The words of the prophet seem to embrace the second type of fear and to be directed primarily at it. The opening verse which raises a question about Israel's fear of human beings can go one way or the other, and it is certainly possible that it is directed to fear of the first kind. But the second verse focuses on the fear itself as a problem: "[Who are you that…] you have feared continually every day because of the fury of the oppressor, as he makes ready to destroy? And where is the fury of the oppressor?" The oppressor is no longer present, but the fear remains. Thus, the prophet does not deal in this prophecy with the acute state of exile and suffering, but rather with the long-term ramifications and deep emotional processes that accompany exile. The prophet goes beyond what was stated in the previous chapters that dealt with exile from various perspectives, but did not deal with fear as a problem in itself, and thus there is development of the prophetic discussion concerning exile, and not only repetition of what was stated earlier.


In light of this, and in the wake of what was stated earlier regarding the division of the haftara into three units, we might add that the first section deals with the present, namely, the ramifications of exile on the people over the course of the extended exile, and not at the time of the destruction; the second section treats the past and describes the suffering at the time of the destruction and defeat; and the third section focuses on the future and the promised redemption. This transition from the present to the past and then to the future is logical and expected, if the prophecy is directed toward future generations that will live with the exile as a continuing reality, and not as a sudden and painful destruction. First, one must deal with the present situation with its spiritual and emotional problems, and therefore the prophecy starts with that. At the next stage, it is fitting to go backwards to the root of the problem and in the concluding section one should turn to the future and to the promise for a better period ushered in by him who brings good tidings at the top of the mountains.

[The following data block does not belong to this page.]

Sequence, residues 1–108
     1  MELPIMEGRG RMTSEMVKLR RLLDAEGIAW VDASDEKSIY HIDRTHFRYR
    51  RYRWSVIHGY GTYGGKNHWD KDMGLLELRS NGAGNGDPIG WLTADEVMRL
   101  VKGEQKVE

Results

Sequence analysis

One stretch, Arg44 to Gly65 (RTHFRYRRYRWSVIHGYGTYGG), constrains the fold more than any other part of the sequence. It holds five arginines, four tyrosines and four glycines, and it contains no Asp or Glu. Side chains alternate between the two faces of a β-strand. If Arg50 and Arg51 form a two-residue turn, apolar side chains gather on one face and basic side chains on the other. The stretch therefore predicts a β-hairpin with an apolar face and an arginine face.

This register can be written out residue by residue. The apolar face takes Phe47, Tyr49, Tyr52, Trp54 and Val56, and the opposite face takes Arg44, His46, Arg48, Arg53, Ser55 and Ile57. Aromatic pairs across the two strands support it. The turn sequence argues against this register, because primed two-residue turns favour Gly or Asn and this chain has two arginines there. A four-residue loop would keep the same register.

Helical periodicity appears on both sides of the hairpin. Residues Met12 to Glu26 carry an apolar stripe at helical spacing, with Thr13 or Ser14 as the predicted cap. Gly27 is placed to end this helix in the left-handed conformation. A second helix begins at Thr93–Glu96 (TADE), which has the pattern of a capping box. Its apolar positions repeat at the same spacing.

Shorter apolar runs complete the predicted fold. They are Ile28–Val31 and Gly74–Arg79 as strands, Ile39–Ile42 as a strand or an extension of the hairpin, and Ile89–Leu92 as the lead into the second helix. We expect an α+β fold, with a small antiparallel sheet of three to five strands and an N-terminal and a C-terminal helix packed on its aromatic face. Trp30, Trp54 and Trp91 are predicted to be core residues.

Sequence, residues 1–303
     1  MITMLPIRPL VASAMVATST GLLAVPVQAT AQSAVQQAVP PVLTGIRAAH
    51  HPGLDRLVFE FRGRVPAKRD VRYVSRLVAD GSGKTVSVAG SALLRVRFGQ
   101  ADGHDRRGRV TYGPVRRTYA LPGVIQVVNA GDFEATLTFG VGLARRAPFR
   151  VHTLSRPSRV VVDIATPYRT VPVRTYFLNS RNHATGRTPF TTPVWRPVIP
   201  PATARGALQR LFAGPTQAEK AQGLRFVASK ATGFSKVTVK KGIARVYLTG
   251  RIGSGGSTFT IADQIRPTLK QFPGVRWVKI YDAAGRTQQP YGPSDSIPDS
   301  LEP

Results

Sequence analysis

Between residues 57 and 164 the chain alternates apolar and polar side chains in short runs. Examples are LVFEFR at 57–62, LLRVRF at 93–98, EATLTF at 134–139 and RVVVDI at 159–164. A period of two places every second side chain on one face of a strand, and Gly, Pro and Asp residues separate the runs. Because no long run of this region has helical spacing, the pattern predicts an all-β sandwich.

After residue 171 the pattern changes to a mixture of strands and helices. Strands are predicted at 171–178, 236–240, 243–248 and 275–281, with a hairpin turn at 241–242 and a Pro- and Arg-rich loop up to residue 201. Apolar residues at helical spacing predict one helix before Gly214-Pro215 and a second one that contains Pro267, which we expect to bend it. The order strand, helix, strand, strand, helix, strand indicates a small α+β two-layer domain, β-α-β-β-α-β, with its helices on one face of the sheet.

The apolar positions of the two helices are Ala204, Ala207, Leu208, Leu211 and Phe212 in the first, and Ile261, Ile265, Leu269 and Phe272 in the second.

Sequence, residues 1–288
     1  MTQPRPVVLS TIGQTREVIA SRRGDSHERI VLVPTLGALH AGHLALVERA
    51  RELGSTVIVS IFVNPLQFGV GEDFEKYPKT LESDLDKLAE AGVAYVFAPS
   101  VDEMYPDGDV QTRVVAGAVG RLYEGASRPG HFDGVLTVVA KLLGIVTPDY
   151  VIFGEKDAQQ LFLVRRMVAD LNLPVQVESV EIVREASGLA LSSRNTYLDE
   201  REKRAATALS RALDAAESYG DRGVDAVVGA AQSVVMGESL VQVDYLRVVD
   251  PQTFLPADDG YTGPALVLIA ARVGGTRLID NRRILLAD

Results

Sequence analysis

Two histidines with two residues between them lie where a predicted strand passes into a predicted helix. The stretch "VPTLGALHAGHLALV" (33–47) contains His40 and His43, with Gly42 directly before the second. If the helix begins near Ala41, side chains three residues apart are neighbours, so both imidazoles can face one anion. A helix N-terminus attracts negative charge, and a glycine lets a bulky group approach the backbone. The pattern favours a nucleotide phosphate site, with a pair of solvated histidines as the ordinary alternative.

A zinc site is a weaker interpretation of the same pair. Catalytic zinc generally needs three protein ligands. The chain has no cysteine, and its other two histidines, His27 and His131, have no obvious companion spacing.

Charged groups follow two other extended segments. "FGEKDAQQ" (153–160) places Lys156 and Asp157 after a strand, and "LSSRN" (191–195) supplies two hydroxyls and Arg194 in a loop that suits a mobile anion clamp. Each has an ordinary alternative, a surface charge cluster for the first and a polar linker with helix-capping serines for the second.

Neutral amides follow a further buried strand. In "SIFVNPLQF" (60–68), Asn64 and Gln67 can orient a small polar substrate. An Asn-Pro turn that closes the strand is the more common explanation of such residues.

(Translated by David Strauss)


[1] Chapters 36-39 which separate between them are narrative chapters in which the prophecies are directed specifically at Chizkiyahu, and which do not contain prophecies directed at Israel as a nation. The place and function of these chapters within the framework of the book are not our concern here, but in light of their narrative quality, we can say that chapter 40 is in a certain sence a continuation of chapter 35.

[2] The Midrash already noted that the doubling style is one of the stylistic characteristics of Yeshayahu's consolations, and it makes the general comment that "his prophecies were double prophecies – Uri uri, Hit'oreri hit'oreri, Sos asis, Nachamu nachamu, Anokhi Anokhi hu menamchem" (Pesikta to our haftara, Piska 33, s.v. davar acher Anokhi; Vayikra Rabba, parasha  10, 2, s.v. Rabbi Azarya). If we examine the examples cited here, we find that except for "Sos asis" they all come from our haftara or from the haftara of Nachamu, which attests to the fact that there is a localized use of this characteristic in the framework of our haftara and the haftara of Nachamu ("Uri uri" appears in our haftara and in one other place).

It should be noted that the combination of "Anokhi Anokhi" also appears in two additional places in the book (43:11, 43:25), and there too as a consolation.

[3] To the best of my knowledge, and more importantly, to the best of the knowledge of the Bar Ilan Responsa Project. In addition to these places, the book of Tehilim also uses this image in several places for the smallness of man.